Is the nation suffering from a national case of hypochondria, or are Americans rightly worried about the country's future?
The answer depends, in part, on your (political) point of view. But it’s also true that every bit of good news — rising home prices, rising stock prices and an increase in federal tax revenues that improves Medicare’s short-term outlook — seems to be followed by a warning, a disappointment or tragedy, some of them weather-related, that brings gloom and doom.
The U.S. economy is expanding, but at a disappointingly slow pace. Jobs are being created, but not enough to make a real dent in the nation’s unemployment and underemployment rates.
The Obama health care plan is about to kick into high gear, but polls suggest that the public isn’t enamored with it. Republicans believe that dissatisfaction with the plan will fuel anger toward the president and his party as the months roll by.
Everyone seems to agree that we need an immigration policy rewrite, and a comprehensive bill with at least some bipartisan support looked likely to come out of the Senate. But the road looks rockier today than it did a couple of months ago, and the outlook in the House remains iffy.
Republicans have the Obama administration on the defensive over the IRS and Associated Press controversies, but their party has not been able to rebrand itself in any meaningful way.
And while the president hasn’t been hurt by the controversies (scandals, if you prefer) that have hit his administration and the front pages of the nation’s newspapers, the combination of high levels of distrust of important institutions, pessimism about the future and Republican control of the House after the midterm elections seem to preclude truly successful final years for the Obama presidency.
We’ve gone through periods of anger, fear, sadness and even hopefulness over the past five or six years. But more than anything else, the country seems to be in a national funk. Economic catastrophe isn’t lurking around the corner, but neither is economic resurgence or vibrancy.
It’s not like President Barack Obama has been a complete bust as a leader, though some will say that’s exactly what he has been. But even if you give him credit for things that liberals applaud — health care, disengaging from Iraq and Afghanistan, growing support for same-sex marriage and higher taxes on the wealthy — it’s impossible to conclude that he changed the tone in Washington or brought Americans together, as he (and President George W. Bush before him) promised.
Yes, of course, Republicans didn’t exactly make it easy for him to do that. But after five years, blaming the other party for all the nation’s ills goes only so far.
Current polling shows a nation split on Obama’s performance, but it also shows a large majority of Americans agreeing that the future does not look all that bright.
Asked to think about “our system of government and how well it works,” fewer than 1 in 3 respondents in a May 30-June 2 NBC News/Wall Street Journal poll were “generally optimistic” about the future. When asked how much confidence they had in the federal government, only 17 percent said “a great deal” or “quite a bit,’ while 42 percent said “very little” or “none at all.”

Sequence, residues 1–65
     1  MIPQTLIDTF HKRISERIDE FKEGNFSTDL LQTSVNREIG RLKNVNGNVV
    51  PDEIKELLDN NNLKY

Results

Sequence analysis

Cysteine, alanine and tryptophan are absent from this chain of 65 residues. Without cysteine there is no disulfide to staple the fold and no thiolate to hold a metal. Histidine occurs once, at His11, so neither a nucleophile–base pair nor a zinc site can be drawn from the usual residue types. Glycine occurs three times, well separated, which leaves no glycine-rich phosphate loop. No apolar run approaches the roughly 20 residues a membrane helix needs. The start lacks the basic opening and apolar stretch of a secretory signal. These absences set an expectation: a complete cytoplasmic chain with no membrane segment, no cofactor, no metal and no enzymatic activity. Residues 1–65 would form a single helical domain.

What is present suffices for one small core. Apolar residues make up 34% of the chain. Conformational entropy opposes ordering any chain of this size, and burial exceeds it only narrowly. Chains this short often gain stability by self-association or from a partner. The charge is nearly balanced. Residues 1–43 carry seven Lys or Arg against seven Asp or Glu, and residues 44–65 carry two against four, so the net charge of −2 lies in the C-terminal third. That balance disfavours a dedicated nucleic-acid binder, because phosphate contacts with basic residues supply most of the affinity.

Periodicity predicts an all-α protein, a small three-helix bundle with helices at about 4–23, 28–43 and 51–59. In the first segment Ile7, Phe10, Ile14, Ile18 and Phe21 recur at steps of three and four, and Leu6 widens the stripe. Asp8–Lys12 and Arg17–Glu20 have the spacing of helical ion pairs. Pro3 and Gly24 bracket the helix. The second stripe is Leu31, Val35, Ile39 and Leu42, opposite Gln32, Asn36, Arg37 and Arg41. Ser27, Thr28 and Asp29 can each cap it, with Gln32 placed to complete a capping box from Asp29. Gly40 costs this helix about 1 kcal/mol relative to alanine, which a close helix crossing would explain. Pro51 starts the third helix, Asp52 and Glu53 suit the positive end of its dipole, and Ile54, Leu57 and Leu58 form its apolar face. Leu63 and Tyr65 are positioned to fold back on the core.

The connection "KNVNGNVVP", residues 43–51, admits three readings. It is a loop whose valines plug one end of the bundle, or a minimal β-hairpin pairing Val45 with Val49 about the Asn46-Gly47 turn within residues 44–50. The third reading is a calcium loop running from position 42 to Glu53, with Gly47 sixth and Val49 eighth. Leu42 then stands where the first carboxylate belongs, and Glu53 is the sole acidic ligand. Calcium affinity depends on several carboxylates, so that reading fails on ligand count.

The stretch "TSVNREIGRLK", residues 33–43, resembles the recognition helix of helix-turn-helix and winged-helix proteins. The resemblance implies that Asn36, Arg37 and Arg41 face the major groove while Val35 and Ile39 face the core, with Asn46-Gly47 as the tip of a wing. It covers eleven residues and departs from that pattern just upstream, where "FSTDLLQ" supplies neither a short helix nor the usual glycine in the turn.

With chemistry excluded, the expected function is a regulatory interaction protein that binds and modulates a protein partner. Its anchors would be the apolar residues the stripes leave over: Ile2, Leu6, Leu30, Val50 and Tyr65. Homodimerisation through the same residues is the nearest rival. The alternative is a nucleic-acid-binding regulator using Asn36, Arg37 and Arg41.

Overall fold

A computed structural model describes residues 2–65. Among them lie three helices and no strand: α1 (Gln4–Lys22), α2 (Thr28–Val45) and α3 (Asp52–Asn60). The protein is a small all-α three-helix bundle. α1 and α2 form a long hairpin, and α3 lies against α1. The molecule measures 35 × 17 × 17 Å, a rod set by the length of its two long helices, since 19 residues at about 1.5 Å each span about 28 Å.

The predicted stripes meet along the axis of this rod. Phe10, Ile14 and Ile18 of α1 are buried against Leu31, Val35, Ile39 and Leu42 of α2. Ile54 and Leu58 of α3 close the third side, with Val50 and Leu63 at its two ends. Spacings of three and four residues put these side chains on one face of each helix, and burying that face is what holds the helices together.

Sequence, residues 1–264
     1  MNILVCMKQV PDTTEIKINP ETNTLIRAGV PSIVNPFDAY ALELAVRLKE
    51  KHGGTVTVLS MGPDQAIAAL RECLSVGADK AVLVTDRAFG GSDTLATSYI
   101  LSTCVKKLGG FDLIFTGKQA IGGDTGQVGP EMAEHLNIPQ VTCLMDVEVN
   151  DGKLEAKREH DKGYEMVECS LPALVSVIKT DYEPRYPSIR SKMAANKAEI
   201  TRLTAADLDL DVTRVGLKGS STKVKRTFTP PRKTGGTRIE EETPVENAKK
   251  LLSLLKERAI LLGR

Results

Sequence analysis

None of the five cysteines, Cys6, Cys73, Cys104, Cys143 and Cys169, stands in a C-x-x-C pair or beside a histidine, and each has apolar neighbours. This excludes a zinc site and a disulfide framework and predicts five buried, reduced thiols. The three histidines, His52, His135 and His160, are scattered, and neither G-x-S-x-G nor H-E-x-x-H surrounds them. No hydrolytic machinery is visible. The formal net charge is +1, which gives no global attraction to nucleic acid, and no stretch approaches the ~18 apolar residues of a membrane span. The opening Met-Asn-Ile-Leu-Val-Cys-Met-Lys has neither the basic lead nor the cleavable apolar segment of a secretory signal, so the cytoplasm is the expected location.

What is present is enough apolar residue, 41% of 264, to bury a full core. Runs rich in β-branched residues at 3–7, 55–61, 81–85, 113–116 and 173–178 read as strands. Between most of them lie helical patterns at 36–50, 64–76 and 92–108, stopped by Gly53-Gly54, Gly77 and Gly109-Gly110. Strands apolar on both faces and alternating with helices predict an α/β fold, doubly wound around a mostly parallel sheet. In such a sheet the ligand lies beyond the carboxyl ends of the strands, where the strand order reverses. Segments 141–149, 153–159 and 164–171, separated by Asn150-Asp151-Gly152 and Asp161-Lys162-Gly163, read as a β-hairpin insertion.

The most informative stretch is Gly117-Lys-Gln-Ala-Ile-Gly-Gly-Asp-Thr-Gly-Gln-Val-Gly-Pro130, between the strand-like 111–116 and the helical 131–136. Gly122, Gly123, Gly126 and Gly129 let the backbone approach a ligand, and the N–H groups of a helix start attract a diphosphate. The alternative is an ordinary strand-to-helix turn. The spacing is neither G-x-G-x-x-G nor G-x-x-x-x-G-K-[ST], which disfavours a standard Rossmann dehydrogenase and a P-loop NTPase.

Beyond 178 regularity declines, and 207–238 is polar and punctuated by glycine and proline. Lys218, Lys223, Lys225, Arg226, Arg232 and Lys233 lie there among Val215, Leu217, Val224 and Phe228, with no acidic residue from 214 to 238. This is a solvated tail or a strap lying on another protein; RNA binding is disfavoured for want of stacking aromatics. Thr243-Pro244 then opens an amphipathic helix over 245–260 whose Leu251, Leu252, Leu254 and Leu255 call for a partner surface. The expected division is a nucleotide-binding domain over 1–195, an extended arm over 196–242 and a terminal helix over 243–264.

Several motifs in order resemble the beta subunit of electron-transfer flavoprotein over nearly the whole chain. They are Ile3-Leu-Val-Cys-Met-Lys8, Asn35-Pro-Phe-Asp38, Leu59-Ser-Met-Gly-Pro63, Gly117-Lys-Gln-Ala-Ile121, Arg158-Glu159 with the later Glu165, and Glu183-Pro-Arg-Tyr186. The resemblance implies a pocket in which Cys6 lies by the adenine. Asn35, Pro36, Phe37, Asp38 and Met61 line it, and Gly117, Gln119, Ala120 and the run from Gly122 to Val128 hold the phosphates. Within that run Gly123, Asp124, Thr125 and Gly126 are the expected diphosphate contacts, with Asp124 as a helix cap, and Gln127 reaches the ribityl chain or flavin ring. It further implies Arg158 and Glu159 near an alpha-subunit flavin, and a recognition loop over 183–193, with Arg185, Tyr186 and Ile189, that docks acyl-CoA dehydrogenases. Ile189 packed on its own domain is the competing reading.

The same survey found only 36 percent of respondents saying that they were “very” or “somewhat” satisfied with the economy, while 64 percent were “very” or “somewhat” dissatisfied with it. Fewer than a third said they expected the economy to get better during the next year, while just under half said that they expected it to remain about the same and 18 percent said they expected it to get worse.
A large majority, 58 percent, said the economy was in recession, while only 38 percent said it was not. And while only 33 percent said they were “quite” or “extremely” confident that the president has “the right set of goals of policies to improve the economy,” 36 percent said they were not at all confident.
The May 31-June 4 CBS News/New York Times poll found that 6 in 10 respondents believed the national economy was in “fairly bad” or “very bad” shape these days and a slight majority, 51 percent, described the job market in their area as “fairly bad” or “very bad."
This is not a pretty picture, for politicians or for the country.
Growing concerns about Big Brother and Big Government won’t hurt the president with his core liberal and Democratic supporters, who still view him as a historic figure whose values and political views reflect theirs. And there isn’t much Obama can do now to placate conservatives and Republicans suspicious about his agenda for remaking the country.
But for the folks in the middle, the blahs could produce either political apathy or a feeling of frustration that will lead them to send another message of dissatisfaction, as they did in 2010. That message might not be as loud, but it could have the effect of, for all practical purposes, marking the end of the Obama presidency.